14 AUGUST 2004, Page 20

Ancient & modern

How Francis Crick, discoverer of the structure of DNA, must be enjoying himself in the Underworld! He had so much in common with the early Greek philosophers. These thinkers, who were natural scientists rather than philosophers, debated what the world was made of and how it came to be as it was. They established some basic rules of scientific debate — that the world was rationally constructed and could therefore be understood by the use of reason and argument from hypotheses, and that supernatural explanations for the phenomena under discussion were not allowed.

Crick would have thoroughly approved of all this, especially of the fact that some of these thinkers could be accused of being atheists (Crick had no time for religion). Likewise, in discovering the structure of DNA, Crick and Watson decided that experimentation was a waste of time, claimed to 'ignore data, which complicates life', and instead used the power of pure reason to construct a model demonstrating how DNA worked. The most striking parallel example of pure Greek reasoning may well be the atomic theory invented by Democritus and Leucippus (late 5th century BC), that atoma ('uncuttables), solid, invisible and undifferentiated except in shape, size and perhaps weight, were the basic universal matter, whose changing combinations produced the world around us. But this brilliant insight was almost universally ignored for some 2,000 years in favour of the Greek fourelement theory of the universe (that earth, water, fire and air are its basic substances). The great Aristotle, alas, is to blame: had he gone for the atomic theory, the history of thought would have been entirely different.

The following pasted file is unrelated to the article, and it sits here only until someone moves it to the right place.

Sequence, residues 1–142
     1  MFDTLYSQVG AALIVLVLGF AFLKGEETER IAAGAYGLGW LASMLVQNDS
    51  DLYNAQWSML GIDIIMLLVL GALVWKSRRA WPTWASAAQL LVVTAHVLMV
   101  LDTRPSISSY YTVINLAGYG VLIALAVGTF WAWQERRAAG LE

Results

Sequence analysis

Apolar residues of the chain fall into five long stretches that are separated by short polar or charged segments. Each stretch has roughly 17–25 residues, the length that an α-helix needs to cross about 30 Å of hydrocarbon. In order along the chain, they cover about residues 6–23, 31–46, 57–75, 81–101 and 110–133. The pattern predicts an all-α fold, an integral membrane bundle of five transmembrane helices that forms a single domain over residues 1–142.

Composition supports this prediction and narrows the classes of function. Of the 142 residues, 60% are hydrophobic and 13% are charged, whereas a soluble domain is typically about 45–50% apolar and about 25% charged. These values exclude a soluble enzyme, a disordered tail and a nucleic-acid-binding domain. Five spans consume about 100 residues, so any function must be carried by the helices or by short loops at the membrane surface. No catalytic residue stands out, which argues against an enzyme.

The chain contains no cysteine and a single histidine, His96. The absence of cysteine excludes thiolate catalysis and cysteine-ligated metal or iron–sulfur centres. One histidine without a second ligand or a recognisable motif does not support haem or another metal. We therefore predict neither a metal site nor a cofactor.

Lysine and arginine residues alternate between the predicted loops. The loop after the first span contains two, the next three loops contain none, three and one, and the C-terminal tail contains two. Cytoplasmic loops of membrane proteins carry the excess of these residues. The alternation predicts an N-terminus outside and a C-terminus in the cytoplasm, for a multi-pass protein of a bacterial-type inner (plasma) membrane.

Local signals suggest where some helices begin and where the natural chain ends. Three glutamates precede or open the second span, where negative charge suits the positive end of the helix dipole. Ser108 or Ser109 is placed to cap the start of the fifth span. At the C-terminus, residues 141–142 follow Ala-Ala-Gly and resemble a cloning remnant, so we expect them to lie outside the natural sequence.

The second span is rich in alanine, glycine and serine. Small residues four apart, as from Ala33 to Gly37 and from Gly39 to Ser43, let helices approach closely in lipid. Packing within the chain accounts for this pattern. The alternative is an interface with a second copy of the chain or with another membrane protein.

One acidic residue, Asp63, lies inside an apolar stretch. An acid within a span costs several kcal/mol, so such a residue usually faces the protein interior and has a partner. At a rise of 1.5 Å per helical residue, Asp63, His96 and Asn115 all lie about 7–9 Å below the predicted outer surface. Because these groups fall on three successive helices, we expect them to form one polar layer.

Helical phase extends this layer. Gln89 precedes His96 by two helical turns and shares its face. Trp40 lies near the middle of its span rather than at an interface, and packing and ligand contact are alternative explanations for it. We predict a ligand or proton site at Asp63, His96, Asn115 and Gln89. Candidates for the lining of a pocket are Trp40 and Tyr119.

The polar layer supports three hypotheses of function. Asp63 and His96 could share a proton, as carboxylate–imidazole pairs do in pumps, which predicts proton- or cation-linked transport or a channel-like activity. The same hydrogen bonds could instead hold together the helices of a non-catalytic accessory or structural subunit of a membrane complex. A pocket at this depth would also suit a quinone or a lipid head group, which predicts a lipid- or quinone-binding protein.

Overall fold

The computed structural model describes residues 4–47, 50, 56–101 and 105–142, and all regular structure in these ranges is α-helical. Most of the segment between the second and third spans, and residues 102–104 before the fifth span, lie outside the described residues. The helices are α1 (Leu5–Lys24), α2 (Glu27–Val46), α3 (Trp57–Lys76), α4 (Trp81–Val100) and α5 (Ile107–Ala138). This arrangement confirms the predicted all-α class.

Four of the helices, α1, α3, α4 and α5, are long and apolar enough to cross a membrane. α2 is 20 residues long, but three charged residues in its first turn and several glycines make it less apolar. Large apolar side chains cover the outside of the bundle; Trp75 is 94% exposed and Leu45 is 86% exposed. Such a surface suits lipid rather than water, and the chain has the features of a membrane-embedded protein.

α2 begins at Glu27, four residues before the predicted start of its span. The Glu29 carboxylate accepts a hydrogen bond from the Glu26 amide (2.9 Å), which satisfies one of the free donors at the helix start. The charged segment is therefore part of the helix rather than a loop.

This points up the big — and critical — difference between Crick and ancient Greek thinkers. For all his theoretical brilliance, Crick insisted that the conclusions to which his ideas pointed be rigorously checked against experimental evidence. It never occurred to the Greeks to do this. Yet even the simplest experiment could have demonstrated the falseness of the four-element theory. Crick was also a proud and prickly man, Here too he would have enjoyed the company of the early Greek thinkers. 'Much learning does not teach intelligence,' said Heraelitus (c. 500 Bc), 'otherwise it would have taught Hesiod, Pythagoras, Xenophanes and Hecataeus.' Even now Crick may be adding to that list.

Peter Jones